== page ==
Chinese express airlines expand with new carrier and new routes
A couple of Chinese air freight stories this week: first, a new carrier, part-owned by YTO ...
A new cargo airline is set to launch in China before the end of the year. Shanghai courier company YTO Express has received regulatory approval from the CAAC to operate an airline in the domestic market, including Hong Kong, Macao and Taiwan.
YTO will hold a 90% share in the airline, which has registered capital of CNY400m ($65m), with two individuals holding a 5% stake of CNY20m each.
YTO Cargo Airlines will initially begin operations, out of its Hangzhou hub near Shanghai, with four 737-300 or 737-400 freighters, adding two more soon after, and expanding its fleet to 15 in the next three years. Ten pilots have already been hired.
Parent YTO Express, which offers warehousing, distribution and transport throughout China, has pledged investment of CNY5.5bn ($888m) over the next 10 years.
The launch comes as China’s freight delivery market booms. CAAC figures indicate that China’s domestic air freight volumes will hit 6m tonnes by 2015. Increasingly, couriers are looking to set up their own cargo subsidiaries to profit from the growth.
SF Express launched an airline in 2010 in Shenzhen, which now operates 15 737Fs and 757Fs, the latest addition arriving in April this year. Cargolux chief executive Dirk Reich indicated last month that the European carrier was looking at the possibility of a setting up joint venture airline out of its Zhengzhou hub to provide feeder traffic.
Investment in the sector is beginning to flood in. Air China Cargo received a CNY2bn ($320m) capital injection from shareholders Air China and Cathay Pacific last month for fleet upgrades and to help it develop its relationship with China Postal Airlines.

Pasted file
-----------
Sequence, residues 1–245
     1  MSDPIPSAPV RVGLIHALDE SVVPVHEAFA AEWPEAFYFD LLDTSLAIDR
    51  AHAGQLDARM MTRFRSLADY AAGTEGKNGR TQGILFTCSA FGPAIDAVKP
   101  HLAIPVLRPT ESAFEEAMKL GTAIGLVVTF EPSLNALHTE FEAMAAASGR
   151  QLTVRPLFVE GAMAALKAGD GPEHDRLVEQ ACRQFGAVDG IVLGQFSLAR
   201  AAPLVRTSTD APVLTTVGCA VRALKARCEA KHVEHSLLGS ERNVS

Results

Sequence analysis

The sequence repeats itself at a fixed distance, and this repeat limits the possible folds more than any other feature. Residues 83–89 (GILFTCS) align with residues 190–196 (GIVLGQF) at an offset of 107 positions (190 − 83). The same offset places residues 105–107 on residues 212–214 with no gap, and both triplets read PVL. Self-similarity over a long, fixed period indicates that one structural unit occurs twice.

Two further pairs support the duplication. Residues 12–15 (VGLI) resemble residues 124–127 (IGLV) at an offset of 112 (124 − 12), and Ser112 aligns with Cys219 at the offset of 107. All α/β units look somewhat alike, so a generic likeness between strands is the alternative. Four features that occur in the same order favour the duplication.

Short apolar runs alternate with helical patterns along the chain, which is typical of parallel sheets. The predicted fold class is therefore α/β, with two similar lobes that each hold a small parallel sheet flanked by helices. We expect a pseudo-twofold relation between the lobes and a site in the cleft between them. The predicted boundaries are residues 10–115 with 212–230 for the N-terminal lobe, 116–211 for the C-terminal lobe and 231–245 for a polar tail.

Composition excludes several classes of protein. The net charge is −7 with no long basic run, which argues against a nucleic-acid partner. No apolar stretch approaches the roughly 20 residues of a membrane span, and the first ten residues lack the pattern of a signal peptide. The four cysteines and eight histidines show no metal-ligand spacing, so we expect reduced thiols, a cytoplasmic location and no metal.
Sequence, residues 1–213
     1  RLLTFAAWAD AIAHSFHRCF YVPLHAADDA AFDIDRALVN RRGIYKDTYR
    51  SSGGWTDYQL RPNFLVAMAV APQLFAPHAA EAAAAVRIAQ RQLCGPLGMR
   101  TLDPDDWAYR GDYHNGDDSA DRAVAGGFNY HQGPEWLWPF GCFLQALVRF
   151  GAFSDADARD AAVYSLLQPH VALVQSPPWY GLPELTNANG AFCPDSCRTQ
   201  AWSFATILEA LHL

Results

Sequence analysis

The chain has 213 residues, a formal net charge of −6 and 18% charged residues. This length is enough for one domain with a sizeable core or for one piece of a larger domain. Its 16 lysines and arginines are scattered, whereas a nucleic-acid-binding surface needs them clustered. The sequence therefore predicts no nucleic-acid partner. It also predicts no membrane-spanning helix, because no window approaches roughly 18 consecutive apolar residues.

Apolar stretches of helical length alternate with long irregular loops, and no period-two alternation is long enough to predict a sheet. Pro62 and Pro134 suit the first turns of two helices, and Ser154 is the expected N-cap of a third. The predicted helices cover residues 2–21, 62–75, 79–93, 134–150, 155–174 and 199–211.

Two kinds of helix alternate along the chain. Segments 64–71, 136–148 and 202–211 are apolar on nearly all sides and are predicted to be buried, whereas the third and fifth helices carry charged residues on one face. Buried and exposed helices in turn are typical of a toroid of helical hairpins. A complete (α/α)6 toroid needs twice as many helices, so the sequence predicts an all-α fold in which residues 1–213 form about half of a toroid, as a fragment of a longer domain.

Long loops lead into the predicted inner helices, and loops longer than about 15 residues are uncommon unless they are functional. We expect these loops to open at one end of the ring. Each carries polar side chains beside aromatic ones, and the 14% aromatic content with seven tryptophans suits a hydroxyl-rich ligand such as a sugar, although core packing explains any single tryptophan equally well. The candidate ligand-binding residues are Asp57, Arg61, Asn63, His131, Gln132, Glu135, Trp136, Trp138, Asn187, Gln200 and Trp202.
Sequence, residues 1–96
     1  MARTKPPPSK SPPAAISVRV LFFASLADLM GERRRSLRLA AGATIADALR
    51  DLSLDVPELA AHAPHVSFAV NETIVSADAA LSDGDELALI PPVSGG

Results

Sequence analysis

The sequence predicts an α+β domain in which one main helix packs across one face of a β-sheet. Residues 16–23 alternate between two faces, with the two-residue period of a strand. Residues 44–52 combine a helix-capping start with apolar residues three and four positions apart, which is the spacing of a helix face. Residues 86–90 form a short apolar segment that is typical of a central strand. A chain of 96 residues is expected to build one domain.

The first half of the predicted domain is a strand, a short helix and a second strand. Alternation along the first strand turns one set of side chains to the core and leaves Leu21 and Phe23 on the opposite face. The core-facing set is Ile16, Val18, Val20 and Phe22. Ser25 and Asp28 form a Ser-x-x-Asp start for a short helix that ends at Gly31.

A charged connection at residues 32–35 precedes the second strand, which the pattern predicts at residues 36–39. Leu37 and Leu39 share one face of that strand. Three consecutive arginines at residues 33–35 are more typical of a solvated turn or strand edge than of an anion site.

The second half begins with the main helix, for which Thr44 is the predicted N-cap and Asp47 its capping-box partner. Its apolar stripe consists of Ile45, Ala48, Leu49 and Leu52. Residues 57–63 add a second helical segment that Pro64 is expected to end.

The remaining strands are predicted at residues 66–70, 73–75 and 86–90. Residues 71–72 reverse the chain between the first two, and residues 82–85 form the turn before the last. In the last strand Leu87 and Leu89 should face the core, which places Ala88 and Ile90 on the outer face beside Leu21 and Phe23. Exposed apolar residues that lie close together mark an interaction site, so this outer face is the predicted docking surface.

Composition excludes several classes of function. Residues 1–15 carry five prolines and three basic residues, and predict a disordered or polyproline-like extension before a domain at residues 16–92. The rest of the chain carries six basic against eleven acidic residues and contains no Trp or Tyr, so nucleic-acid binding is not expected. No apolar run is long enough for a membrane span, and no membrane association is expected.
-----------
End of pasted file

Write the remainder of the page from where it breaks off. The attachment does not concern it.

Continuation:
And analysts expect their to be a flurry of IPOs by Chinese courier companies as they seek more capital to develop their networks. YTO has announced plans to float next year, which would make it the first of its type to do so. BDO International is preparing the company in advance.
Last year the country’s largest courier service, China Postal Express and Logistics Co received regulatory approval for an IPO in Shanghai, but has not yet floated. It too operates an airline.
Until now, YTO has used land transport, and four aircraft on charter, which it has said it will retain after the airline’s launch, to operate alongside the first three 737s.
Last year YTO expected to handle 1.5bn parcels and has said it will experience average annual growth rate of 50% by 2020.
Air freight will benefit from the e-commerce boom in China, which is set to grow about 64% this year, with sales forecast to rise to $1.5tn, a 20% increase from last year, according to recent analysis.
Transport Intelligence’s report into contract logistics noted significant growth in the country.
“According to McKinsey, China’s middle class is expected to grow from 14% of the country in 2012 to more than half by 2020. While the retail market is currently very fragmented with the top 100 retailers accounting for just 11% of sales, this number will surely increase as more and more multinationals move in and the burgeoning middle class demand more organised retailing,” it said.